The marriage of Meghan Markle to Prince Harry received a lot of news coverage globally, but the Royal Family’s website is not without a hitch when it comes to navigation
The British Royal Family’s website has a splash page, with an image of the newly-wed couple.
Clicking on ‘Explore’ or scrolling down reveals the ‘usual’ home page, which employs tiles, with and without photos, to guide users to content within the site.
The main site navigation is hidden behind a hamburger icon and the label ‘Menu’ at the top right of the page, but there is a brief left hand menu, indicating the user has landed on a page ‘About the Duchess of Sussex’. The only other option in this navigation is ‘Biography’, and there is no breadcrumb trail.
Clicking on the Royal Coat of Arms at the top left of the site header, which appears without a site title, takes the user back to the home page – with the splash image displayed again.
The site as a whole looks appealing, and the use of big, bold images featuring smiling, candid shots of the Royal Family adds a warmth and authenticity to the site. The incorporation of Instagram images on the home page and in other areas also sends a positive message of modernity and inclusivity.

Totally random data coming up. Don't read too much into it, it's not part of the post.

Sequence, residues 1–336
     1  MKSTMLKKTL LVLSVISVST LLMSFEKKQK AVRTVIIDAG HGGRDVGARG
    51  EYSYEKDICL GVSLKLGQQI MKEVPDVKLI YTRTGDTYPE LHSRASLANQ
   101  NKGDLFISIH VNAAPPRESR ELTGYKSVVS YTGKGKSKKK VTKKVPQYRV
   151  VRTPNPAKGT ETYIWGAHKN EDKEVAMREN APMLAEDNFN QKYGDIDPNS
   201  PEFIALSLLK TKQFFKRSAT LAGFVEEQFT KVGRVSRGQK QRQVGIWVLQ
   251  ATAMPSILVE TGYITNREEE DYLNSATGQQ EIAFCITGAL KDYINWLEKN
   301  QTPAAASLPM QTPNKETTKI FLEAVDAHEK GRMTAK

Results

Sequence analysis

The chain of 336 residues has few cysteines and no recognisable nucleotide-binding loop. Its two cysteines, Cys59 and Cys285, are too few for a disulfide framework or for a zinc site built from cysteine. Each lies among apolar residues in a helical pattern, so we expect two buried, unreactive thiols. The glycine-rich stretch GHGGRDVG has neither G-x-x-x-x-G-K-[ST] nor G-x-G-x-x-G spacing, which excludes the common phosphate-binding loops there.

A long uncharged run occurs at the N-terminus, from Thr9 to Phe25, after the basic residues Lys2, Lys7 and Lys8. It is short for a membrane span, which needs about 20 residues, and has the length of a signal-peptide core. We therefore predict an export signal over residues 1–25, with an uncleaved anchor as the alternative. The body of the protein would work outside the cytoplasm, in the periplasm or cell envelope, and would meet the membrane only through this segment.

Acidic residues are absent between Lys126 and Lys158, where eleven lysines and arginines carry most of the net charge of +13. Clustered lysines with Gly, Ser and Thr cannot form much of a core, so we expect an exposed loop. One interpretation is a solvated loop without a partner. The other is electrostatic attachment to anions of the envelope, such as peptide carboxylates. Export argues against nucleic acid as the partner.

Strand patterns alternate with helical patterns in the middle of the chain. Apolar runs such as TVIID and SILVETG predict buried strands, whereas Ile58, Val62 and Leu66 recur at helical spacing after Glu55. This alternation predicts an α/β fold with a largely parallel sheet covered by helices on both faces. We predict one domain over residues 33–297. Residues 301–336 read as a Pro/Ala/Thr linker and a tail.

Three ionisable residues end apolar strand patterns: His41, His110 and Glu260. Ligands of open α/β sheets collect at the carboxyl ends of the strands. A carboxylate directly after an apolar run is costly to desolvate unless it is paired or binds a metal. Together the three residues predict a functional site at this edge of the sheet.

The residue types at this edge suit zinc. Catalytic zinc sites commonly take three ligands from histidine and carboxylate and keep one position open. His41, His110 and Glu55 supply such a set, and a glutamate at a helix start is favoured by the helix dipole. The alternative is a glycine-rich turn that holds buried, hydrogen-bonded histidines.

But the overall impression is let down by deficiencies in the navigation.
The fact the home page defaults to the splash image each time the user returns to it is likely to frustrate some, and the lack of any site title or navigation on it could confuse those who arrive here from links or search engines. While devices like splash pages can be used to add impact, especially around important events, the fundamentals of user experience should not be forgotten.
Those users who navigate within the site, or who find themselves sent there from search engines, are given no help with orienting themselves; even clicking on the Menu label and icon does not reveal where in the site they are, and there is no website title to help – just the Royal Coat of Arms.
For example, a Google search for ‘Duchess of Sussex’ returns a page from the site as the first result, so the lack of orienting devices including the absence of a website title will be a major problem for them.
Site managers should remember that it is not enough to ensure good search engine performance: the experience of the user once on the site, especially those who may arrive deep within it, must be taken into account too. And that means providing easy ways of understanding where they are, and how to navigate around the site, in addition to visually appealing and easy to read pages.
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